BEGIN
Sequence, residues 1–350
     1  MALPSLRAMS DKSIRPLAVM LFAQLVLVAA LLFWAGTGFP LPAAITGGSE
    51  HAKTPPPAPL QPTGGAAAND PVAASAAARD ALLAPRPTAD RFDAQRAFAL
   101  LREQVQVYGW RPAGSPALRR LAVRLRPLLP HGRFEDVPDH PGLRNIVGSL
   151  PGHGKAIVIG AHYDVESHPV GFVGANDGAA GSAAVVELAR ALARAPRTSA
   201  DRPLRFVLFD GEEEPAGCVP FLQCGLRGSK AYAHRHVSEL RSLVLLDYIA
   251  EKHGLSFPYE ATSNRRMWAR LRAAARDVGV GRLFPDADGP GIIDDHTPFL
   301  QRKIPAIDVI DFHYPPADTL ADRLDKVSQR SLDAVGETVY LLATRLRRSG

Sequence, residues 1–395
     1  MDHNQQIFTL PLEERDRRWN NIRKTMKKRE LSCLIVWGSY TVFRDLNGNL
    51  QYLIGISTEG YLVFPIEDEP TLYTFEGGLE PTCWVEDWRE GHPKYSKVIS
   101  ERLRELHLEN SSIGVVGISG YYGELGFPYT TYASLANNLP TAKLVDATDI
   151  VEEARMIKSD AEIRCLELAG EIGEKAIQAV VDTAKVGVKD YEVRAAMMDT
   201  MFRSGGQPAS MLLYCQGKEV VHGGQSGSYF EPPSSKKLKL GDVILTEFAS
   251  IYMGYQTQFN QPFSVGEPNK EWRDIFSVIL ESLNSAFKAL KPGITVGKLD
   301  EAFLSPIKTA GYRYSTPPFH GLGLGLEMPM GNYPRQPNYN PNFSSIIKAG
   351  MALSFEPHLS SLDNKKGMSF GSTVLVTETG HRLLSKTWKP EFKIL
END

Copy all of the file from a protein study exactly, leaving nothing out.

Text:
Sequence, residues 1–350
     1  MALPSLRAMS DKSIRPLAVM LFAQLVLVAA LLFWAGTGFP LPAAITGGSE
    51  HAKTPPPAPL QPTGGAAAND PVAASAAARD ALLAPRPTAD RFDAQRAFAL
   101  LREQVQVYGW RPAGSPALRR LAVRLRPLLP HGRFEDVPDH PGLRNIVGSL
   151  PGHGKAIVIG AHYDVESHPV GFVGANDGAA GSAAVVELAR ALARAPRTSA
   201  DRPLRFVLFD GEEEPAGCVP FLQCGLRGSK AYAHRHVSEL RSLVLLDYIA
   251  EKHGLSFPYE ATSNRRMWAR LRAAARDVGV GRLFPDADGP GIIDDHTPFL
   301  QRKIPAIDVI DFHYPPADTL ADRLDKVSQR SLDAVGETVY LLATRLRRSG

Sequence, residues 1–395
     1  MDHNQQIFTL PLEERDRRWN NIRKTMKKRE LSCLIVWGSY TVFRDLNGNL
    51  QYLIGISTEG YLVFPIEDEP TLYTFEGGLE PTCWVEDWRE GHPKYSKVIS
   101  ERLRELHLEN SSIGVVGISG YYGELGFPYT TYASLANNLP TAKLVDATDI
   151  VEEARMIKSD AEIRCLELAG EIGEKAIQAV VDTAKVGVKD YEVRAAMMDT
   201  MFRSGGQPAS MLLYCQGKEV VHGGQSGSYF EPPSSKKLKL GDVILTEFAS
   251  IYMGYQTQFN QPFSVGEPNK EWRDIFSVIL ESLNSAFKAL KPGITVGKLD
   301  EAFLSPIKTA GYRYSTPPFH GLGLGLEMPM GNYPRQPNYN PNFSSIIKAG
   351  MALSFEPHLS SLDNKKGMSF GSTVLVTETG HRLLSKTWKP EFKIL